Pop Will Eat Itself was really the first band on the mains stage that really breathed energy into the festival. Even though they originally started in 1986, the two vocalists Graham Crabb and Mary Byker did not stop for half a second and captivated the attention of everyone in sight. They ensured that attention by coming off the stage and up to the barriers to really connect with the audience. The bassist Davey Bennett was a delight to watch as he could not stop smiling throughout the entire set, you could really tell he definitely did not want to be anywhere else.

Pop Will Eat Itself

Hooky, Hooky, Hooky, I cannot even express how much I cherish the bloke. Peter Hook and The Light are a band fronted by legend and previous member of Joy Division and New Order, and their set is usually split between both bands’ material unless advertised differently. The first half included irrevocably gorgeous Joy Division songs such as Transmission, Isolation, She’s Lost Control and Digital. My undying love for Joy Division was annoyed at the crowd: they seemed only semi interested from where I could see on the barrier but absolutely lost their minds for the New Order set. However, everyone is allowed to revel in what they enjoy best. Hooky conducted the uttermost of respect for Curtis’ lyrics in his temperament and delivery, as he always does. The set ended just as Joy Division did with their last media release Love Will Tear Us Apart. Peter Hook and The Light were my musically highlight of the festival and I would happily watch them play every night of the week.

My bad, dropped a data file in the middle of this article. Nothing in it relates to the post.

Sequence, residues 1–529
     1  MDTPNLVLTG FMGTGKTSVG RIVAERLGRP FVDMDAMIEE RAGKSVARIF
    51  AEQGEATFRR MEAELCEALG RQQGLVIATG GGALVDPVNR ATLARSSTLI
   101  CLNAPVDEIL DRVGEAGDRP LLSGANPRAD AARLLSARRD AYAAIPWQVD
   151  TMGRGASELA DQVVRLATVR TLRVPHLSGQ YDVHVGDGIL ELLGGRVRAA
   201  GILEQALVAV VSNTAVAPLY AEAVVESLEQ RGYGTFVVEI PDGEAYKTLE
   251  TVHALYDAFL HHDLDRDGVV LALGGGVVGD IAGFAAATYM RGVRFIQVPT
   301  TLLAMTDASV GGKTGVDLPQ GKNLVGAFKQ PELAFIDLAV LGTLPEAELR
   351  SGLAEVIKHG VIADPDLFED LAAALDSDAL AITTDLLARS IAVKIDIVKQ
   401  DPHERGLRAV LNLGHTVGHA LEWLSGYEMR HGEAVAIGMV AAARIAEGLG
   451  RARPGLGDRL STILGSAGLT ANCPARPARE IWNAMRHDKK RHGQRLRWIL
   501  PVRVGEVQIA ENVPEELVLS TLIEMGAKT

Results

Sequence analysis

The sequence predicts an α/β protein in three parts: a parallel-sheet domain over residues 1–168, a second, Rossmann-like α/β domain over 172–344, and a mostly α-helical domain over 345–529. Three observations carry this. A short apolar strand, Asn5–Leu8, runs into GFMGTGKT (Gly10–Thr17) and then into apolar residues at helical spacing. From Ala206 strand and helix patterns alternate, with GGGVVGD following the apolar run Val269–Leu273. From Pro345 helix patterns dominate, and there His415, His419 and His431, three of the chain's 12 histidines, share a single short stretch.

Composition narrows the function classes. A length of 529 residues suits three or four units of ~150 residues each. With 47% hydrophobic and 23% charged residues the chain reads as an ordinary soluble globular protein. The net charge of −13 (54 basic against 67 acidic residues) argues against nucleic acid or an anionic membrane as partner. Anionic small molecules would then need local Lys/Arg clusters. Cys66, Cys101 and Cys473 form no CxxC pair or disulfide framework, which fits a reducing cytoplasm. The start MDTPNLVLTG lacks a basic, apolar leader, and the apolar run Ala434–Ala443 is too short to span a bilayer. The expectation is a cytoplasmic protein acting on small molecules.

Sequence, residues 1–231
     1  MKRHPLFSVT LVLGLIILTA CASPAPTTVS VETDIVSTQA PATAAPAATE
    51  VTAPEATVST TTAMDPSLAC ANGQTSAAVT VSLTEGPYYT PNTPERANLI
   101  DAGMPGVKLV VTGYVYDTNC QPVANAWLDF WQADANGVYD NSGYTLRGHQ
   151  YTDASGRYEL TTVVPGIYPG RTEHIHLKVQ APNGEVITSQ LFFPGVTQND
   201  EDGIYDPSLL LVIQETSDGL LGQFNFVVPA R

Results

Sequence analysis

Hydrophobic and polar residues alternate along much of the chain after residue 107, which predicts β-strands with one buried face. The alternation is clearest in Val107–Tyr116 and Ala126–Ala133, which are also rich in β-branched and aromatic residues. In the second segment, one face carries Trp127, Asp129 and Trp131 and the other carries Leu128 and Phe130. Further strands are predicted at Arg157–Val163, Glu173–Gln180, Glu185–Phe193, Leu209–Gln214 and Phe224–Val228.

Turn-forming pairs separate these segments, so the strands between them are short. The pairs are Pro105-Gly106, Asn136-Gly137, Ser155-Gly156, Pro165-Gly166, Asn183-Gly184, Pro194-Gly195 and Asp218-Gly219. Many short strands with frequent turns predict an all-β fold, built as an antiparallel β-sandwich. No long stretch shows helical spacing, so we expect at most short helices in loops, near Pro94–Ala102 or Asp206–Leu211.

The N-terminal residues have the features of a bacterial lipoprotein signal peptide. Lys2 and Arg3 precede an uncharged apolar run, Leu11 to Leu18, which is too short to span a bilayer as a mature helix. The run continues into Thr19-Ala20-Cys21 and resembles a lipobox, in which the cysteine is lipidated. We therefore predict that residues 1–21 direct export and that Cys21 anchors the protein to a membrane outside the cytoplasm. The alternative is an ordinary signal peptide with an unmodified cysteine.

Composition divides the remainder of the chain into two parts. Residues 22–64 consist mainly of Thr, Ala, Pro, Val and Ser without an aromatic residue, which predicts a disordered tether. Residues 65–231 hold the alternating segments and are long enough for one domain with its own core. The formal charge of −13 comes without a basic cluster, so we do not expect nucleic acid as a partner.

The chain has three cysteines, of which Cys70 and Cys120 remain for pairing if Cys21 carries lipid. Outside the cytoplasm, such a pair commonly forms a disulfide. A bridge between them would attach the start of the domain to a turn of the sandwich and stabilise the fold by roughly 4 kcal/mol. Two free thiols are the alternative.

Peter Hook and The Light